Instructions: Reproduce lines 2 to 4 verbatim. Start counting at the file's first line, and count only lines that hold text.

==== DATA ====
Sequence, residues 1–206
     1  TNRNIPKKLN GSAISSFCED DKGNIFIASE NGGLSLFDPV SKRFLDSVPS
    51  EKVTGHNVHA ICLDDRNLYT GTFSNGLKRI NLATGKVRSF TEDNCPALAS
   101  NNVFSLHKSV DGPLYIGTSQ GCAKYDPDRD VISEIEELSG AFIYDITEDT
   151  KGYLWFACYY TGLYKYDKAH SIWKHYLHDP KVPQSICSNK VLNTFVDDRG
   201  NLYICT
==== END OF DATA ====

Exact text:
     1  TNRNIPKKLN GSAISSFCED DKGNIFIASE NGGLSLFDPV SKRFLDSVPS
    51  EKVTGHNVHA ICLDDRNLYT GTFSNGLKRI NLATGKVRSF TEDNCPALAS
   101  NNVFSLHKSV DGPLYIGTSQ GCAKYDPDRD VISEIEELSG AFIYDITEDT